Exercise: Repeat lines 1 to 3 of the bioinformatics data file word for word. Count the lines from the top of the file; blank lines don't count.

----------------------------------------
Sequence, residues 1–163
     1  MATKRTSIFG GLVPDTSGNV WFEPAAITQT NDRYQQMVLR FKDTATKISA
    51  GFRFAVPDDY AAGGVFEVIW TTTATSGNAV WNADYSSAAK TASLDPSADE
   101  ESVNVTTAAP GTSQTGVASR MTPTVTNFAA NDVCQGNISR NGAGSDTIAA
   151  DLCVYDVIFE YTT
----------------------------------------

Sequence, residues 1–163
     1  MATKRTSIFG GLVPDTSGNV WFEPAAITQT NDRYQQMVLR FKDTATKISA
    51  GFRFAVPDDY AAGGVFEVIW TTTATSGNAV WNADYSSAAK TASLDPSADE